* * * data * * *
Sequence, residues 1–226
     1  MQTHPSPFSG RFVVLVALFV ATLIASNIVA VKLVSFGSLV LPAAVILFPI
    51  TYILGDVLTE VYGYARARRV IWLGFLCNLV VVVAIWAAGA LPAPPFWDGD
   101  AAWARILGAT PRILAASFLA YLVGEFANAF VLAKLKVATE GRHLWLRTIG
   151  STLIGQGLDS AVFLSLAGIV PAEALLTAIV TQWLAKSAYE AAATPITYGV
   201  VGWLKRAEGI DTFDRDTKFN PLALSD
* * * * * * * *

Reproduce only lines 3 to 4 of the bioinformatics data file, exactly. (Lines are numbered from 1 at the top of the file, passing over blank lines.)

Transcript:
    51  TYILGDVLTE VYGYARARRV IWLGFLCNLV VVVAIWAAGA LPAPPFWDGD
   101  AAWARILGAT PRILAASFLA YLVGEFANAF VLAKLKVATE GRHLWLRTIG